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dc.contributor.authorLeighty, Katherine Anne
dc.date.accessioned2014-03-03T20:00:33Z
dc.date.available2014-03-03T20:00:33Z
dc.date.issued2001-05
dc.identifier.otherleighty_katherine_a_200105_ms
dc.identifier.urihttp://purl.galileo.usg.edu/uga_etd/leighty_katherine_a_200105_ms
dc.identifier.urihttp://hdl.handle.net/10724/20166
dc.description.abstractI examined joystick acquisition in four tufted capuchins under two directional relationships of joystick movement and resultant cursor displacement. I also recorded the development of cursor tracking and body-tilting during skill acquisition. Rates of acquisition were comparable between the two conditions. After mastering the task in one condition, subjects re-mastered the task at an accelerated rate in the opposing condition. All subjects significantly increased or maintained high proportions of cursor tracking throughout acquisition. All subjects demonstrated a postural tilt upon task mastery that was found more often in the direction of goal location than that of required joystick movement. This suggests that body-tilting reflects attentional demands of this unique testing system and not the motoric requirements of the task.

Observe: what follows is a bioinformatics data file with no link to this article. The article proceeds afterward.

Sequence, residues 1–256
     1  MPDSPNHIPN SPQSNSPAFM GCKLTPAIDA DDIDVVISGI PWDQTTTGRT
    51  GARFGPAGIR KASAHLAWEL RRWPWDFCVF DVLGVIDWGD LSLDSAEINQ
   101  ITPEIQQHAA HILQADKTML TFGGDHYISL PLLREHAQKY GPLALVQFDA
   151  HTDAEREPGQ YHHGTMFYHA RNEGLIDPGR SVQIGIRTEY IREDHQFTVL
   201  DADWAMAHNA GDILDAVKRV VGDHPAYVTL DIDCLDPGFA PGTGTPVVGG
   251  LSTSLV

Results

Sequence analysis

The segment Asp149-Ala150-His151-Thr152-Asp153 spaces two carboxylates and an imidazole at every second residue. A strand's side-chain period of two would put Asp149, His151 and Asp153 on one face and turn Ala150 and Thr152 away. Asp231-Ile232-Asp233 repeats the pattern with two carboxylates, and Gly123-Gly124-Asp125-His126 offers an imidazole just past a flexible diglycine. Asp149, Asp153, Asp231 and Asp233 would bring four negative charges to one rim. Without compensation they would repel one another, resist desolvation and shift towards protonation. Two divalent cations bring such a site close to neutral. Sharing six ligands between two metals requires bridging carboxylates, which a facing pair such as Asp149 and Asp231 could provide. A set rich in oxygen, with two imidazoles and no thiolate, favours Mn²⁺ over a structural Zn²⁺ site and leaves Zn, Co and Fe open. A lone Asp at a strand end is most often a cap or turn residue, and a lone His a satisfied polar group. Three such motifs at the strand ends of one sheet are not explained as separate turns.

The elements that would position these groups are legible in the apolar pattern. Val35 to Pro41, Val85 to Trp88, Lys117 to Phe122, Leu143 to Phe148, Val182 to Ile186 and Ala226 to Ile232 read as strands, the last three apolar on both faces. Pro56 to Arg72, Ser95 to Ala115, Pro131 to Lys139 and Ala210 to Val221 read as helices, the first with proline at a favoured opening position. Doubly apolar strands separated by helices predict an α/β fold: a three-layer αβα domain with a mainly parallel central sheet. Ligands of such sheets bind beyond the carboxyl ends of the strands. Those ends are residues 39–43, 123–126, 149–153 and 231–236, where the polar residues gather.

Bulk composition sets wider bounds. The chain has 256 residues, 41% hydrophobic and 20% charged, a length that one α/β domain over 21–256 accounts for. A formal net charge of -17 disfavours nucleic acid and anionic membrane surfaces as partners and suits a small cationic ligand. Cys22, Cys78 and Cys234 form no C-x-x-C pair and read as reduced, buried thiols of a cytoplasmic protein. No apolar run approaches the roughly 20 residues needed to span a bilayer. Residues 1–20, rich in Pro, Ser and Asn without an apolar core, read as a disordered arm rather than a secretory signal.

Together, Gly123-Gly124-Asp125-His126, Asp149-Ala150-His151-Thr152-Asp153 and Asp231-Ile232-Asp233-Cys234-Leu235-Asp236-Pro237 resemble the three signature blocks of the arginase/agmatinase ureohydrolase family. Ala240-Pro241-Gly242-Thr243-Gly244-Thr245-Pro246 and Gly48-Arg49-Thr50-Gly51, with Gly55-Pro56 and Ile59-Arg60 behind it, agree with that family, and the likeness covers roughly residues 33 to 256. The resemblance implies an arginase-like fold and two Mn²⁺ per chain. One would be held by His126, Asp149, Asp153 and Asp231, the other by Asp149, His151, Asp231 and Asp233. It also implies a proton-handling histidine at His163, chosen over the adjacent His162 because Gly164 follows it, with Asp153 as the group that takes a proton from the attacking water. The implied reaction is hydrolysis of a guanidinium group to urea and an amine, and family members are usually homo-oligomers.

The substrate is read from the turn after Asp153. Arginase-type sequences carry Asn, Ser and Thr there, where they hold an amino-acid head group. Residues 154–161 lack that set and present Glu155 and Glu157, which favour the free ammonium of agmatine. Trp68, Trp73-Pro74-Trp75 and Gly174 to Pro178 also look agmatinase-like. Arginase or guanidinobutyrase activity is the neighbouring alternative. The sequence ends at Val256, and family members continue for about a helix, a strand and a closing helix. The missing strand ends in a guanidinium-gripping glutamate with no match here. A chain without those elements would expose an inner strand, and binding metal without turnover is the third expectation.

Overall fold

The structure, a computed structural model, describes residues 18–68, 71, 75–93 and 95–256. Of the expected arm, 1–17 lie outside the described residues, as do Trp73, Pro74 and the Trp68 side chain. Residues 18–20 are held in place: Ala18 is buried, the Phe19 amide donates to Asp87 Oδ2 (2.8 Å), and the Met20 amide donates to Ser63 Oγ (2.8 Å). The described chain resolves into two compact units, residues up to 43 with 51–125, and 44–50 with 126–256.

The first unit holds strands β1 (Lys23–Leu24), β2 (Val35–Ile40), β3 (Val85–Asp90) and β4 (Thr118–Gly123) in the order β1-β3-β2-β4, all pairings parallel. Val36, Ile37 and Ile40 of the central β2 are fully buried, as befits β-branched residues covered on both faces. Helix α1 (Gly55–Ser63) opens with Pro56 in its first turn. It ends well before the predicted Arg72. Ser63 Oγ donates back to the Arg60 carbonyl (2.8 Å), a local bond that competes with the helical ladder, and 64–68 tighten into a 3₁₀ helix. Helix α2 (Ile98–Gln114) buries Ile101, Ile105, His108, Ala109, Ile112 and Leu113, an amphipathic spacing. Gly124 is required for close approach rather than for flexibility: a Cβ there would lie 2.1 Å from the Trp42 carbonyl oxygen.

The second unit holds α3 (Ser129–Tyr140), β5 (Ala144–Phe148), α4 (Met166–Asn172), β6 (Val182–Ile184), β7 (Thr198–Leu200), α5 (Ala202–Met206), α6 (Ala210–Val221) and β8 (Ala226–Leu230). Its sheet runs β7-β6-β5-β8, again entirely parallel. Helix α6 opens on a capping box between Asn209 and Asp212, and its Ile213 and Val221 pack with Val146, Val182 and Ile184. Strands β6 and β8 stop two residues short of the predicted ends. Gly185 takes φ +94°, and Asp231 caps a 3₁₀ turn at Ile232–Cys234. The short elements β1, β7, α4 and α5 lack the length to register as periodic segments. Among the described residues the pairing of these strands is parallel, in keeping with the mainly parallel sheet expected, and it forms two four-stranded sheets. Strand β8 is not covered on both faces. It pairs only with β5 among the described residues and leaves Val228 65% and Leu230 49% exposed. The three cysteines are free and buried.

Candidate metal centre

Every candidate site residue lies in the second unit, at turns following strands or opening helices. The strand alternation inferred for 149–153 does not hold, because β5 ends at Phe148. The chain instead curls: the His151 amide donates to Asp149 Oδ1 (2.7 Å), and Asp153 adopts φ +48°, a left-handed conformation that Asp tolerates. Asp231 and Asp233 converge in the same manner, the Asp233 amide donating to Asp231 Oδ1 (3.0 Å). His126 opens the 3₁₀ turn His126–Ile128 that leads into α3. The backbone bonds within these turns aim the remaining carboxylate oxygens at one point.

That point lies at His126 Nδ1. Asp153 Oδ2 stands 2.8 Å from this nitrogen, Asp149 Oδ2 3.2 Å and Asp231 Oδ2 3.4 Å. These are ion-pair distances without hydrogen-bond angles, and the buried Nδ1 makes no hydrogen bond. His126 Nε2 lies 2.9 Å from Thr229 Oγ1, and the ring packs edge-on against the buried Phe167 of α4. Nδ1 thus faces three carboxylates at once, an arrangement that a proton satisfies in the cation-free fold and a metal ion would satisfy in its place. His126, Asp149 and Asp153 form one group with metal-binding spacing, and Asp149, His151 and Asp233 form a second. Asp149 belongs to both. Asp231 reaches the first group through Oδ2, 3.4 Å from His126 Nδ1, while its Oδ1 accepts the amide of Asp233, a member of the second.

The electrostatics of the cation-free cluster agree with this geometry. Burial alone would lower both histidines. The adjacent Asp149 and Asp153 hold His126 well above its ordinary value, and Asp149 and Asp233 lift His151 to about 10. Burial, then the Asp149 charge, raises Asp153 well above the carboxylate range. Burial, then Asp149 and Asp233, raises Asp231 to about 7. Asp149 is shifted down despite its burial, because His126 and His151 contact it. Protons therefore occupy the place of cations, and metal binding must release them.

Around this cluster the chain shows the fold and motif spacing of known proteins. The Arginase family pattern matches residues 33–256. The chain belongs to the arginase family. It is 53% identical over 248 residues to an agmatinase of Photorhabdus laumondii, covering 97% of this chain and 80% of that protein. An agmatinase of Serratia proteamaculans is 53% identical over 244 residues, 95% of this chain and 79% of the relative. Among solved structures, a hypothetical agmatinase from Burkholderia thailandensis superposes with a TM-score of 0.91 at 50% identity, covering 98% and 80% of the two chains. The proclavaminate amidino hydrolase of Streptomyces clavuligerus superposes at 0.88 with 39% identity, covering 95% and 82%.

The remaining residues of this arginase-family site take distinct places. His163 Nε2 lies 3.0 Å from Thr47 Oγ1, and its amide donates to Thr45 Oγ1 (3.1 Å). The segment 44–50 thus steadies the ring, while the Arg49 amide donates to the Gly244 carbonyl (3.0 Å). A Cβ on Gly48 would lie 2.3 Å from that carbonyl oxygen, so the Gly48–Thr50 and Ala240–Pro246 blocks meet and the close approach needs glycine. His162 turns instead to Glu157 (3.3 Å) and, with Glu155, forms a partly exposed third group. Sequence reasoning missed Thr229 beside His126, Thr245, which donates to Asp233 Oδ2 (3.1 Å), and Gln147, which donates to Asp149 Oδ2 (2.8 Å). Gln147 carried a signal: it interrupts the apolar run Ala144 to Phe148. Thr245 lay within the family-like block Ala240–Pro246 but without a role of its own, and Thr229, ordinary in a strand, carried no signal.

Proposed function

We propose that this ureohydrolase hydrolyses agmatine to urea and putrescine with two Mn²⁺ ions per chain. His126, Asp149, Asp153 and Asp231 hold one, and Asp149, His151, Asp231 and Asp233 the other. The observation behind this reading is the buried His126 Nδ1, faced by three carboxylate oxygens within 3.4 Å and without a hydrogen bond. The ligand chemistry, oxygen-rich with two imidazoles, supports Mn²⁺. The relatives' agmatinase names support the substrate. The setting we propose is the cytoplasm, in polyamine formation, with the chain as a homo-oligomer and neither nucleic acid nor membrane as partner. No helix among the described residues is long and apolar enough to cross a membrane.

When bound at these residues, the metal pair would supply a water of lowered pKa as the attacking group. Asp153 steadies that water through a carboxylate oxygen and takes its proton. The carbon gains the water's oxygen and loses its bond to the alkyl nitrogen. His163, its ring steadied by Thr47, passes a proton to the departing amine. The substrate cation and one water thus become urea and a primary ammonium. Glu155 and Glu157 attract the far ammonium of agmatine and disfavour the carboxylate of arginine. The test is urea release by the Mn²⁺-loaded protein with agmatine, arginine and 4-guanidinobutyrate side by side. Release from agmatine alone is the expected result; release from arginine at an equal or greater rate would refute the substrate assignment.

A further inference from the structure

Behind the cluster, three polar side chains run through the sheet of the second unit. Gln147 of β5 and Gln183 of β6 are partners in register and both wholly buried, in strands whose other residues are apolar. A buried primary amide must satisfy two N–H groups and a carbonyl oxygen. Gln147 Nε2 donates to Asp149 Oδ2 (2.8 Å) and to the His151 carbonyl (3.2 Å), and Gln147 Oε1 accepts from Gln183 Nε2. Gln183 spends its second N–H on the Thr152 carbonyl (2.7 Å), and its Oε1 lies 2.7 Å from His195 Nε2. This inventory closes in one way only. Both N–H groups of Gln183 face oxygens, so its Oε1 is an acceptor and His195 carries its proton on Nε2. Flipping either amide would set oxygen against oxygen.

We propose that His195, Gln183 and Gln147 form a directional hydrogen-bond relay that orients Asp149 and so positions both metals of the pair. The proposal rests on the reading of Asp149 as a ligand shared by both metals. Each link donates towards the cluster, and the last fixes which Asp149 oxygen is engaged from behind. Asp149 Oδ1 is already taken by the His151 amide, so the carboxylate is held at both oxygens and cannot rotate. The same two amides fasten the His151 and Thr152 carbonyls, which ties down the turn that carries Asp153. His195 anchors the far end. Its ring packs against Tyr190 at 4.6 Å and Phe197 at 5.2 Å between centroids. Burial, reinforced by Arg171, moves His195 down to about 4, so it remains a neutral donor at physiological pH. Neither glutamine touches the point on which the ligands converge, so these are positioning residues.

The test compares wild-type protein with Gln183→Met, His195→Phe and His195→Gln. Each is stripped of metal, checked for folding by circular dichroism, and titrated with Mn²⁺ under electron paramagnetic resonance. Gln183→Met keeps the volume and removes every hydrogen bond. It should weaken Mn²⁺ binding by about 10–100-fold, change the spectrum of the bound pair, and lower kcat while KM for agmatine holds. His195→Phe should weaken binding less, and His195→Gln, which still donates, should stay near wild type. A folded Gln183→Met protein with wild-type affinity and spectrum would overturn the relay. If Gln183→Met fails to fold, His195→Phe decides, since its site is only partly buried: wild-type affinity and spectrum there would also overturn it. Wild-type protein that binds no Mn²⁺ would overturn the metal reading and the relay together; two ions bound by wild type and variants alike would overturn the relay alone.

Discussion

dc.publisheruga
dc.rightspublic
dc.subjectSkill acquisition
dc.subjectMotor skill
dc.subjectJoystick
dc.subjectBody-tilting
dc.subjectTracking
dc.subjectCapuchin monkey
dc.subjectCebus apella
dc.titleJoystick acquisition in tufted capuchins (Cebus apella)
dc.typeThesis
dc.description.degreeMS
dc.description.departmentPsychology
dc.description.majorPsychology
dc.description.advisorDorothy M. Fragaszy
dc.description.committeeDorothy M. Fragaszy
dc.description.committeeJoseph Allen
dc.description.committeeAdam Goodie


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